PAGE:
Global Economic Outlook Hinges on China


After years of stringent COVID restrictions, China’s reopening quickly became one of the key forces expected to influence the global economy in 2023.

The International Monetary Fund said at the start of the year that China and India would combine for half of the total global growth.

Despite China’s importance to the global economy, the quality of its official economic data is seen as questionable (or worse) by many observers.

Investors and traders want third-party data covering China that is objective, reliable and timely. It’s an understandable request, though not easily satisfied.

One solution rests on data sourced from satellite imagery analytics, including synthetic aperture radar (SAR). For example, Ursa Space uses SAR data to measure China’s crude oil inventories, which provides valuable signals for the oil market and insight into broader economic activity.

In fact, we measure crude oil inventories at more than 1,100 locations around the world. It is one of the data layers that is included in Ursa’s Global Monitoring Service (GMS).

Ursa Space leverages unique relationships with satellite data vendors and its own trusted analytic algorithms to create an out-of-the box subscription service.

We have selected areas of strategic importance in widely-followed regions, and continuously collect satellite imagery over these hotspots.

One example is Ningbo-Zhoushan, the third busiest container port in the world, located across the Hangzhou Bay from Shanghai.

From the Ningbo-Zhoushan port, ship routes cover more than 600 destinations in over 100 countries, handling crude oil, coal, iron ore, fertilizers, grain, timber, metals, and chemicals.

The port’s role also includes facilitating internal trade. It’s close to the Yangtze River, a critical waterway for much of inland China. And there are railway connections linking Ningbo-Zhoushan with 54 cities, creating efficient sea-rail services.

Ursa customers can utilize GMS to better understand what is happening at Ningbo-Zhoushan.

We apply our proprietary analytics, including vessel detection, change detection and object detection to create data packages that are fully integrable into existing platforms. A customer can acquire the data via dashboard, AWS S3, and/or API.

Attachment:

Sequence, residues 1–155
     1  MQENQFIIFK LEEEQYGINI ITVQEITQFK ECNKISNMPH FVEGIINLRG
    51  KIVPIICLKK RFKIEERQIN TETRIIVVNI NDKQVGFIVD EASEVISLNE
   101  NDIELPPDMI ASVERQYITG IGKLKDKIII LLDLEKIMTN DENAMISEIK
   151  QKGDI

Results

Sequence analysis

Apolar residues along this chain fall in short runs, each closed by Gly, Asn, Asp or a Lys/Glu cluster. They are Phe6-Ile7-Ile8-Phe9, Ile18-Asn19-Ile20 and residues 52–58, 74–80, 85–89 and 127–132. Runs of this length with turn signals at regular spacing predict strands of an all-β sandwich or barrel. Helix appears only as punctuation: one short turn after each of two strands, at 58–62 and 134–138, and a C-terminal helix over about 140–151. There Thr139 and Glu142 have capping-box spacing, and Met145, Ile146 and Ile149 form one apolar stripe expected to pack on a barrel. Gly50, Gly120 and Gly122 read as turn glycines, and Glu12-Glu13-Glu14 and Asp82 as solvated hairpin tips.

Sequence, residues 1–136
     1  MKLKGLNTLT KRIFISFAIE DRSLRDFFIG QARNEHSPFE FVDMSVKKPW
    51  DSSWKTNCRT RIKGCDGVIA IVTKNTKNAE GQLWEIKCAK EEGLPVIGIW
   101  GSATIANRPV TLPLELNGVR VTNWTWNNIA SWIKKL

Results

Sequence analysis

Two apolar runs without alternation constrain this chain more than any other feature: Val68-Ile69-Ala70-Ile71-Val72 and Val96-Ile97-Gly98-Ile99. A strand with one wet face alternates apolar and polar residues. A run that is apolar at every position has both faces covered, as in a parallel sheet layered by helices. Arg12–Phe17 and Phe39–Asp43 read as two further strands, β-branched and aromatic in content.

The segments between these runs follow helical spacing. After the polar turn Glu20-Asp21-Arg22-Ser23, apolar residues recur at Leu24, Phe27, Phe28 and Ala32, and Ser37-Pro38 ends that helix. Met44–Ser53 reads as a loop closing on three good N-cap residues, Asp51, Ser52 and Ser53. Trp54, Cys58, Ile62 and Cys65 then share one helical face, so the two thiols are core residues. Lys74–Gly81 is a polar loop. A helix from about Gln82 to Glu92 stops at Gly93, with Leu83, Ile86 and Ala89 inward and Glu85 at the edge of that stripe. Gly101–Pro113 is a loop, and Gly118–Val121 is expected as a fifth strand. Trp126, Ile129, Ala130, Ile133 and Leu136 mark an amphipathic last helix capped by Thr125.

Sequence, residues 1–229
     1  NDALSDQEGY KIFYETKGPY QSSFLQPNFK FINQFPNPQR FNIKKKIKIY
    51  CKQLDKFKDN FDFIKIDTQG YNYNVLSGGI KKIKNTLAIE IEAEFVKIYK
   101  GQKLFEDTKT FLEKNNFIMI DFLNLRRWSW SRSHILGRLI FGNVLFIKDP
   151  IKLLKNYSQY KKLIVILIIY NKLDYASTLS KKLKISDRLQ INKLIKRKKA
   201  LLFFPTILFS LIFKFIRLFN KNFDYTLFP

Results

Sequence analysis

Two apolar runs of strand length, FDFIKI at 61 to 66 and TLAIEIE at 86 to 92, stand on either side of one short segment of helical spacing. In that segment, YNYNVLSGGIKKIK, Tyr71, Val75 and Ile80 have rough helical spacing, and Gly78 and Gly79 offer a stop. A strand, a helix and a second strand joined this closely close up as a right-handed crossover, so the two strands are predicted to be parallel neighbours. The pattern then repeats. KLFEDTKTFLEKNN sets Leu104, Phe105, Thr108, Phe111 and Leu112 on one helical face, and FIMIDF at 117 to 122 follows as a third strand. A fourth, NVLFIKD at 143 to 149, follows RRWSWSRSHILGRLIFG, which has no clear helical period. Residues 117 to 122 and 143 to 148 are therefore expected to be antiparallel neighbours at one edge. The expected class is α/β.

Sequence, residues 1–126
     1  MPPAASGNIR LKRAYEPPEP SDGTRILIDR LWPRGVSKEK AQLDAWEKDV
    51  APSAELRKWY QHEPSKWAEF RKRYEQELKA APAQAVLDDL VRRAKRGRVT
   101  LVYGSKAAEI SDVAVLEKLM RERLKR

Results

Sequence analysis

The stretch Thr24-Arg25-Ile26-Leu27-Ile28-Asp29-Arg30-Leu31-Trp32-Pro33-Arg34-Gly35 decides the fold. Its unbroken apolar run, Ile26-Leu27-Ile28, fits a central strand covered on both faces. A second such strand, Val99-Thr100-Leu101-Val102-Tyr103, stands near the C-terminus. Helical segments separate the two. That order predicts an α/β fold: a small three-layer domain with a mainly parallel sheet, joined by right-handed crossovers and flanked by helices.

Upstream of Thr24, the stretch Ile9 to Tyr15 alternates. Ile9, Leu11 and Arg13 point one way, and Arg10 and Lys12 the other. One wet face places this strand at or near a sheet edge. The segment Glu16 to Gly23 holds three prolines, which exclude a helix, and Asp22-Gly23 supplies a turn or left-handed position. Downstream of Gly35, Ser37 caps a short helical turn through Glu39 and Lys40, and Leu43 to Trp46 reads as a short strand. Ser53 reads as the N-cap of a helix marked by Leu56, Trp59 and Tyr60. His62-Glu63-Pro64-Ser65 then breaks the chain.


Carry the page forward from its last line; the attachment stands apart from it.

What makes our service comprehensive is the fact that a large percentage of global economic activity is concentrated in a surprisingly small number of places where goods are made, stored and transported.

Each hub features an array of infrastructure (e.g., ports, factories, container lots, rail links, refineries, commodity storage) directly linked to larger economic forces, such as consumer spending, income levels, industrial production and energy consumption, to name a few.

By monitoring these hubs directly, you can get an early pulse on economic indicators, rather than waiting weeks or even months for official government data to be released. Or the satellite-derived data can even be seen as an alternative to government sources in some cases, like in China.

Now is a particularly relevant time given the focus on China. The results will have implications for the rest of the world given China’s size. A bullish scenario envisions a ripple effect that begins with China and spreads to other Asian countries and beyond.

China’s move to lift COVID restrictions should result in many more people taking to the roads and skies, and spurs more economic demand. However, the outlook for other energy-intensive sectors – heavy industry and construction – looks far murkier.


What other regions are you interested in monitoring?

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